Tier 1 Engineering announced that it has successfully completed an airport-to-airport flight with its all-electric helicopter design. The aircraft, a modified Robinson R44, flew between California’s Jacqueline Cochran Regional Airport (TRM) and Palm Springs International Airport (PSP) on Saturday. The company is calling the trip “the first helicopter flight between airfields solely by electric power.”
“Progress in the development of all-electric propulsion is similar to other periods of significant advance in aviation,” said Tier 1 Engineering President Glen Dromgoole. “The first aircraft flew short distances, and many people were afraid to ride in the new flying machines. At the start of the Jet Age, there was widespread skepticism about the commercial viability of the turbine engine. Today’s historic flight demonstrates the potential of all-electric rotorcraft and we are thrilled by this achievement.”
Tier 1 Engineering reported that the flight was conducted in collaboration with medical research and development company Lung Biotechnology. The aircraft that flew on Saturday is Tier 1’s third-generation “e-R44,” which the company says was designed to “deliver manufactured organs for transplant” by Lung Biotechnology parent company United Therapeutics. According to Tier 1, the model uses quick-swap battery technology that allows battery packs to be changed in 15 minutes.
The usual commenters must be too busy enjoying Halloween to make the standard avweb criticisms tonight on this one.
I presume pumpkin man was at the controls
Better than the oversized drones we’ve been seeing but still silly. 21 miles. Wow.
Thank you, that’s the number that is notable by it’s absence in the article.
I doubted I’d have to look the distance up myself. 😂🤣
Project appears from the limited info to be a hobby/PR endeavor, but it’s cleverly meeting the stated goal as most every hospital doing organ transplants is bound to be within 21 miles of an airport, and they have helipads.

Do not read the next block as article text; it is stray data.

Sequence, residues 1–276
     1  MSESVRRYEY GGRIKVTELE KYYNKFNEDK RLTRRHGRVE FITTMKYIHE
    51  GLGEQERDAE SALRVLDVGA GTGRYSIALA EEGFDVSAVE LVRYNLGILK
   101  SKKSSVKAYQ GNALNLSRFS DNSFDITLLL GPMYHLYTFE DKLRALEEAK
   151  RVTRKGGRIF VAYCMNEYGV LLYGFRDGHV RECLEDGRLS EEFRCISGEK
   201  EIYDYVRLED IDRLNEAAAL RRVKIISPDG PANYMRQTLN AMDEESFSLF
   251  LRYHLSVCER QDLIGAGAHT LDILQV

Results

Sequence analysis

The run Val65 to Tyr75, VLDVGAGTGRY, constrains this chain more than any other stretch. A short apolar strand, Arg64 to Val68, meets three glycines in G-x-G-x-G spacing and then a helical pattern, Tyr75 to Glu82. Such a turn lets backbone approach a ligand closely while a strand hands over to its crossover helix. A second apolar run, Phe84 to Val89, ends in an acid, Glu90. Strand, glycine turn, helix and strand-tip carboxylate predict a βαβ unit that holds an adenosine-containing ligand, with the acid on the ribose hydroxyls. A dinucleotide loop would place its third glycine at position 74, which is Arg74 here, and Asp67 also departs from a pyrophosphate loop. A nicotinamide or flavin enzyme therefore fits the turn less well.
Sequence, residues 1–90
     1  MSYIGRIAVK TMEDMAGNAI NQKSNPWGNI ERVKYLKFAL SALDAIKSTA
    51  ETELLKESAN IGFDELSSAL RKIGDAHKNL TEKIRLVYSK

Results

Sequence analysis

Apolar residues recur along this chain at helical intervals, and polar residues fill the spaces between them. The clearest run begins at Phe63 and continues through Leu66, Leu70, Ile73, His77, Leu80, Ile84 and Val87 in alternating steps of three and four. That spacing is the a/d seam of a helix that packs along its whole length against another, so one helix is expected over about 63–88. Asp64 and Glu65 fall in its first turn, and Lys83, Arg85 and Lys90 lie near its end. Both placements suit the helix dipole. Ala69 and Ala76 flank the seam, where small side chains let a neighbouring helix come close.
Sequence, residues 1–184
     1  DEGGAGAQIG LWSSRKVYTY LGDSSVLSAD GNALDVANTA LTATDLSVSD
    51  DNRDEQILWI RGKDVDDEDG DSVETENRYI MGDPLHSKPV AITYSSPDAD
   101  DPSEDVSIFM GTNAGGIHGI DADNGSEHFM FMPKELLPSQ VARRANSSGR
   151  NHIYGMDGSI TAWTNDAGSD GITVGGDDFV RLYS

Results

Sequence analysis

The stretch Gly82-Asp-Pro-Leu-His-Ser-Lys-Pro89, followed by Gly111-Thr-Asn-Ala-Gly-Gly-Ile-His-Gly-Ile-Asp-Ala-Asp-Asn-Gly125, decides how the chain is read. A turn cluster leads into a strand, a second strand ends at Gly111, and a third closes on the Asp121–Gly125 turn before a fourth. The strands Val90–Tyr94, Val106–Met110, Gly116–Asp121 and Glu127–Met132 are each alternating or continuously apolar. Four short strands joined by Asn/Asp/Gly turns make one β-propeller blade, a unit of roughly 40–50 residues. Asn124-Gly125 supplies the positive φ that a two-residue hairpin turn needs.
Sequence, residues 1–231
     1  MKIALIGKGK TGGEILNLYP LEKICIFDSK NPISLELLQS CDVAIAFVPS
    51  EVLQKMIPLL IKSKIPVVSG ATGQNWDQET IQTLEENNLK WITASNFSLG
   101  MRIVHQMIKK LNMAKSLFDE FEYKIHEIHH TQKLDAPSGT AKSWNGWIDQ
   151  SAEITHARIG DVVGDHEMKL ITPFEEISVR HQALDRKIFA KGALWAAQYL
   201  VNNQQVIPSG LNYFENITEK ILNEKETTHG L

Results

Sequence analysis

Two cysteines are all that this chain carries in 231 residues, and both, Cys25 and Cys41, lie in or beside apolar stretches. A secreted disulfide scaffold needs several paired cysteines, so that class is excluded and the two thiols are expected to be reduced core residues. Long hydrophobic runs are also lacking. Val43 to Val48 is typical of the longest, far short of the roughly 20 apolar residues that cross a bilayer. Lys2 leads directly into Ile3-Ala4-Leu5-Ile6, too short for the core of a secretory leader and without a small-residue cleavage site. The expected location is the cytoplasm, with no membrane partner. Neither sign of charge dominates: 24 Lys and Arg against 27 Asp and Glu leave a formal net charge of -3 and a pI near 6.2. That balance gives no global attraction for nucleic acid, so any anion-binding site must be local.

Not sure what the carbon ROI will be since they are bound to be putting a lot of work in for a somewhat small application. Still, if they can get 30 to 45 minutes of powered operation, there’s a real market for that.
Why do you say there is a real market? This is total redundancy with all the other less complicated? EVTOLs that are being developed that do not have the mechanical complications of a traditional helicopter but can land on the same helipad etc. None of this makes any sense!
Whilst I applaud this demonstration, we all know that the ‘elephant in the room’ is lack of battery capacity. We have long since managed to develop electric motors that are sufficiently powerful and efficient for sustained powered fixed wing and rotary flight, but unless and until we develop much higher capacity batteries then this will simply be a ‘technology demonstrator’. 20 minutes of flight time is simply not enough.
Until there is discovered a technology that can even reasonably compete with the energy density of gasoline or Jet A, this is all so much intellectual onanism, and the engineers know it. It’s equivalent to Woke-ism – posturing to show one’s commitment to solving a problem that does not exist; bending the knee to politicians who wouldn’t know the difference between an engine’s crank and their own.
This ain’t rocket surgery. A gasoline engine at 15:1 air/fuel ratio (by weight) only needs to carry 1/16 of the weight of the reactants that make power, the rest comes from ambient air, with the exhaust products dumped right back out. Batteries, which have to carry everything required when they take off – and never get any lighter in flight – aren’t within a rifle shot of that kind of energy density and will never be. Until a new technology comes along for energy storage, stop wasting your time.